Best Life: Push for federal paid leave for mothers in the workforce

Best Life: Push for federal paid leave for mothers in the workforce

Washington D.C. (Ivanhoe Newswire) -- If you’re a working woman how important is extended time off to you? A recent survey showed 70 percent of the women who left the workforce did so because they needed flexibility -- like time to care for a new baby, adopted child, or a sick family member.

Congress has attempted in the past to pass federal paid leave, and President Trump just announced he will soon sign into law 12 weeks of paid leave for federal employees. But the issue remains for other workers.

Ashley MacLeay is packing up and moving out, she and her husband need more room for their expanding family. When little Michael arrives, MacLeay will take two weeks of vacation offered by her employer, followed by six weeks of unpaid leave, under the family leave and medical act. In fact, one in four women go back to work within two weeks because they cannot afford to lose the pay or their job. MacLeay admits it could get tight in those weeks without her paycheck.

“I’m currently paying student loans, and we have a mortgage,” MacLeay said.

Inez Stepman, at Independent Women’s Forum is a senior policy analyst for the non-profit policy research group. The IWF surveyed 2,000 Americans and found 73 percent wanted the government to take action on a federal paid leave plan but one that doesn’t hit taxpayers hard in the wallet.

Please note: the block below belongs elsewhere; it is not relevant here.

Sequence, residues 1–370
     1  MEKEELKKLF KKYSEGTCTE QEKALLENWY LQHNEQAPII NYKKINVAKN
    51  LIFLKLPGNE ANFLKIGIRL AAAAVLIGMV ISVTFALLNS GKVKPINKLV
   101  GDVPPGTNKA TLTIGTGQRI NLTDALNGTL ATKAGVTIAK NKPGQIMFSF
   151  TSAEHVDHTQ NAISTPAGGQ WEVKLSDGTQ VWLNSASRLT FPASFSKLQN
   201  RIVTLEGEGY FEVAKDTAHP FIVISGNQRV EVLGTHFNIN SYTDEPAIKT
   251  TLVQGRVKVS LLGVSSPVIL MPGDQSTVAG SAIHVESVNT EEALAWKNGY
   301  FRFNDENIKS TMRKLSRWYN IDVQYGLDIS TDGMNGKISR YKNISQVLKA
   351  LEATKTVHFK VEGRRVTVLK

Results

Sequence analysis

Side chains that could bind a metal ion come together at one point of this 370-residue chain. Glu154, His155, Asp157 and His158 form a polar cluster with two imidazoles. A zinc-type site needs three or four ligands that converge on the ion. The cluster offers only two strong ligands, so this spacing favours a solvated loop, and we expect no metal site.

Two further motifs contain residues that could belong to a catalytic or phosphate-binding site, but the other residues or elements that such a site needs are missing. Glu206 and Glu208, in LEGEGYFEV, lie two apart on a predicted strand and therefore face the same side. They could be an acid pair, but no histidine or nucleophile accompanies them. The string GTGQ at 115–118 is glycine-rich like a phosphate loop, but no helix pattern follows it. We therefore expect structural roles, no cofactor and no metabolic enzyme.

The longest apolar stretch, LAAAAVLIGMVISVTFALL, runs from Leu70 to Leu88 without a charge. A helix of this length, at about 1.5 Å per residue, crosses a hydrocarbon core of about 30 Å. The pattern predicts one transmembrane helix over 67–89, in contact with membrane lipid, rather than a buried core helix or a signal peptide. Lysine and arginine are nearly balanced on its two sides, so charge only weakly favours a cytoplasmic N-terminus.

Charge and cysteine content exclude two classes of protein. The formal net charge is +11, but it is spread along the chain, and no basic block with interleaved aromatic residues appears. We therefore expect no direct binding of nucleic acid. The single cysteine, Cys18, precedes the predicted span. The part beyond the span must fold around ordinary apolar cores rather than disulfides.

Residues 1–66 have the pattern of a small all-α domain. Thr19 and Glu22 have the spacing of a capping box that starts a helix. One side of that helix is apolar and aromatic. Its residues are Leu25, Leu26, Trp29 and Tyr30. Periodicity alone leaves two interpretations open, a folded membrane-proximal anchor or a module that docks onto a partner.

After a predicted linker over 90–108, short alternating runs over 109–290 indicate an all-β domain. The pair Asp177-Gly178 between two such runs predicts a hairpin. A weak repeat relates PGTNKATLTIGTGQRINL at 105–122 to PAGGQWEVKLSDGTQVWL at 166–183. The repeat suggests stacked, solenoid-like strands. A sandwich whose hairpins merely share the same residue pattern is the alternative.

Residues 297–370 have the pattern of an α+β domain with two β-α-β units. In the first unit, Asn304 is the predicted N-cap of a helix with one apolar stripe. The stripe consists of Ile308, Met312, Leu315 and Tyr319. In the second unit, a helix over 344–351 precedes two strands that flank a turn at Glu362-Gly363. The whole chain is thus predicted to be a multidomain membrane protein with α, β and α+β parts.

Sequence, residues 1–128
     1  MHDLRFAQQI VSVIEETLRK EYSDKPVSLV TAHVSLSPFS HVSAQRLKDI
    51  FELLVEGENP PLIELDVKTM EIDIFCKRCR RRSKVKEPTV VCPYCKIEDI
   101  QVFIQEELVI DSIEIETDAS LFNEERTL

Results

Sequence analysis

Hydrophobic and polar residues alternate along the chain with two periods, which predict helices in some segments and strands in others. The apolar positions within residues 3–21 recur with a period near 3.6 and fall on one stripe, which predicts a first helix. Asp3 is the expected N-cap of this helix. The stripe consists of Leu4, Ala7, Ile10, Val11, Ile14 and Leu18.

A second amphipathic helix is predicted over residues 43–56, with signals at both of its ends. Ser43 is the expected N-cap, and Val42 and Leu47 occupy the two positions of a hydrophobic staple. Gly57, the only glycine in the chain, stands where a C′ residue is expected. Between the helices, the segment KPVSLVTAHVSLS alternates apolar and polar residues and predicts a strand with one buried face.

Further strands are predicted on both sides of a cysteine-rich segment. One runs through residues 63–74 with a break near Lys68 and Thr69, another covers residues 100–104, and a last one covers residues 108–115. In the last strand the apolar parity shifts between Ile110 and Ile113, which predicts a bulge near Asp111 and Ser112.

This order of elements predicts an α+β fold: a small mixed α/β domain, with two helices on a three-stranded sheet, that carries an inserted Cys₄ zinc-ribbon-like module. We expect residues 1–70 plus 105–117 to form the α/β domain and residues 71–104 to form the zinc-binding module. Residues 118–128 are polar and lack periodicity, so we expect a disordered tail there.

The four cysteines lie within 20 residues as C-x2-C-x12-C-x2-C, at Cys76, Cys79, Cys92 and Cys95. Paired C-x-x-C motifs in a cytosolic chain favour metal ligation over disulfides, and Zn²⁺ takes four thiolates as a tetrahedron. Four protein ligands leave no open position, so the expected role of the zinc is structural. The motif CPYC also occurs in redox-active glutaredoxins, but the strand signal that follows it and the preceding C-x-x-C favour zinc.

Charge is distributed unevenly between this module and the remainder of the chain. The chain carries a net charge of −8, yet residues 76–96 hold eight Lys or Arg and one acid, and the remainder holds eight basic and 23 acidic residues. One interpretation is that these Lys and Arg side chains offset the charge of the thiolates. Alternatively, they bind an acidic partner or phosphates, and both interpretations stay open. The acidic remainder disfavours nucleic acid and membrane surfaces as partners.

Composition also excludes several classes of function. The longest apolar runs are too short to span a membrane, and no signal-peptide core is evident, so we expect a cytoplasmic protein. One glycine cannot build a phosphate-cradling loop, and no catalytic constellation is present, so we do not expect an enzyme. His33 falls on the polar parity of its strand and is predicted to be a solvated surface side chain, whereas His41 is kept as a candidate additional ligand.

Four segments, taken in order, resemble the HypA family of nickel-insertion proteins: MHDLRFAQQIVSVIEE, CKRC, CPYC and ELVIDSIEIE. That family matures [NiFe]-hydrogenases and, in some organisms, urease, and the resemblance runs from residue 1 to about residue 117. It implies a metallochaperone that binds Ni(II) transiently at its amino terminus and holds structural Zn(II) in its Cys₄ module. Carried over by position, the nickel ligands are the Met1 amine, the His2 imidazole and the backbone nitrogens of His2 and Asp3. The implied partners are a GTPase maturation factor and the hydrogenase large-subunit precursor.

“Americans are concerned that this kind of policy be fair to everyone,” Stepman said.

A proposed earned leave policy would allow workers to tap into their social security benefits early while they are on leave and then extend the age at which they would be eligible for their benefits at retirement. The proposal uses the social security disability formulas already in place and is dependent on a person’s current income.

“For somebody making about $30,000 this is between 900 and 1000 a month,” Stepman explained.

Parents could receive up to $1,800 a month and, as proposed, the program would be capped at $5,000.

“That helps to pay the mortgage. It helps to pay the grocery bills. Helps to keep the electric on," said Stepman.

Allowing new parents time to spend time with the people who matter most.

Stepman says the earned leave proposal has broad bipartisan support and politicians have shown willingness to take up the issue. She says since it does not add to the deficit, it shouldn’t be a problem for republicans, who make up the majority in the senate.

The U.S. continues to be the only industrialized country that does not federally mandate paid parental leave. Several states such as New York, New Jersey, California and Rhode Island already have paid family leave policies passed.

Copyright 2020 WMC. All rights reserved. Contributor(s) to this news report include: Cyndy McGrath, Producer; Roque Correa, Videographer and Editor.